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An audit of 767 people who may have had delayed or declined access to surveillance colonoscopy in Otago between 2007 and 2011 found eight had died of bowel cancer or its complications.
In an Official Information Act response on the audit, the Southern District Health Board says there is no definite conclusion anyone had an unexpected death or major loss of function as a result of limits on surveillance colonoscopies during those years.
It is understood three other people had been diagnosed with bowel cancer by the time of the follow-up, including the woman whose diagnosis sparked the review.
They have been described by board chief medical officer Richard Bunton as ''alive and well following treatment'' but staff have not yet been available to answer further questions about these cases.
There were 38 deaths from any cause from within the 767 in the audit group, including the eight bowel cancer patients who were all diagnosed and treated in the public system.
Information provided by the board shows that at the time of diagnosis, the tumours found in the eight who died had all grown into the outer lining of the bowel wall at least, and some cancers involved lymph nodes.
Four people had developed progressive disease, despite treatment and before the recommended surveillance interval.
In her written OIA response, board executive director of patient services Lexie O'Shea said this reflected the ''tumour biology of higher-risk cancers at diagnosis in this group''.
One of those who died had declined further surveillance after surgery and chemotherapy. One had died from complications related to curative cancer surgery.
Two, who had previously been diagnosed with bowel cancer, were subsequently found to have new bowel cancer and later died after the disease spread, after recommended treatment.
''As a comparator, we do not know how many people may have died from bowel cancer or its complications in those who were under colonoscopy surveillance''.
International experience showed 6%-12% of lesions larger than 1cm could be missed, she said.
Last year, the board carried out 178 surveillance colonoscopies on some of those affected by the restrictions.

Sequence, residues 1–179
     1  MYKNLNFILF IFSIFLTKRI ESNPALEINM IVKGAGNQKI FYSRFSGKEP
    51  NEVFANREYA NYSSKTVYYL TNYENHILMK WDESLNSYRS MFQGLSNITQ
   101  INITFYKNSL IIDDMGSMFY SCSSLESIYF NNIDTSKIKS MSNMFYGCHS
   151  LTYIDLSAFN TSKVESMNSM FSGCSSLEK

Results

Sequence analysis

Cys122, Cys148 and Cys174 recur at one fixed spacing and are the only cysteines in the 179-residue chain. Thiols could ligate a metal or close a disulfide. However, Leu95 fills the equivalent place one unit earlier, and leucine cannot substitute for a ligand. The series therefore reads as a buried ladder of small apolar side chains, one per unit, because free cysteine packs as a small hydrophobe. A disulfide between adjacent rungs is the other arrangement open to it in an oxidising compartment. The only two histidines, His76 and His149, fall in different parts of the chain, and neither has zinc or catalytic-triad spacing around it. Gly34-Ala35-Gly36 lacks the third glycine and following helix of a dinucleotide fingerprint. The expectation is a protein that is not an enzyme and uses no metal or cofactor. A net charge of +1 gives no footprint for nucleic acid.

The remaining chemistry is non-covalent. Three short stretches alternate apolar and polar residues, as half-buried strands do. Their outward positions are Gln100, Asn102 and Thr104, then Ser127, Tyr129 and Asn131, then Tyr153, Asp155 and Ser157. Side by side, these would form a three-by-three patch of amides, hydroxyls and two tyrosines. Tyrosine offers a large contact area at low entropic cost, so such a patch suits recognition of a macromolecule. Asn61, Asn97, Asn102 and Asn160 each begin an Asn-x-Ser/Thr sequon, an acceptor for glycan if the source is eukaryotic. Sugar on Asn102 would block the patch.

None of these people was found to have cancers or advanced adenomas. About 400 people had already received colonoscopies, according to earlier reports on the review.
Twenty-eight of the 178 (16%) had adenomatous polyps - which may develop into cancers over time - removed.
The 2012 national criteria, now used by the board, determined who qualified for the procedure in the follow-up.
These criteria identify those at increased risk of bowel cancer, who can then be offered regular surveillance colonoscopies in the hope any sign of disease may be identified and treated early, before symptoms become apparent.
In 2007 the then Otago board, because of pressure on its colonoscopy service from patients with possible bowel cancer symptoms, departed from the then national guidelines and severely limited surveillance procedures.
Among those covered by the audit, 49 had had colonoscopy performed in the private sector.
Asked if they would be reimbursed for this cost, Mrs O'Shea said there was no local or national policy recommending reimbursement of costs to individuals ''who choose to access private healthcare providers for colonoscopy or any other medical intervention''.
In response to questions about reporting on the audit, Mrs O'Shea said there would be no formal report about the follow-up cases, although the findings would be circulated among the members of the gastroenterology clinical and management teams.
''The findings directly relate to historical national and local practices which do not impact on current colonoscopy provision in Dunedin Hospital.
''No definite conclusion can be drawn that any individual has had an unexpected death or major loss of function (i.e. a sentinel event) as the result of access criteria utilised, either nationally or in Otago DHB, between 2007 and 2011,'' she said.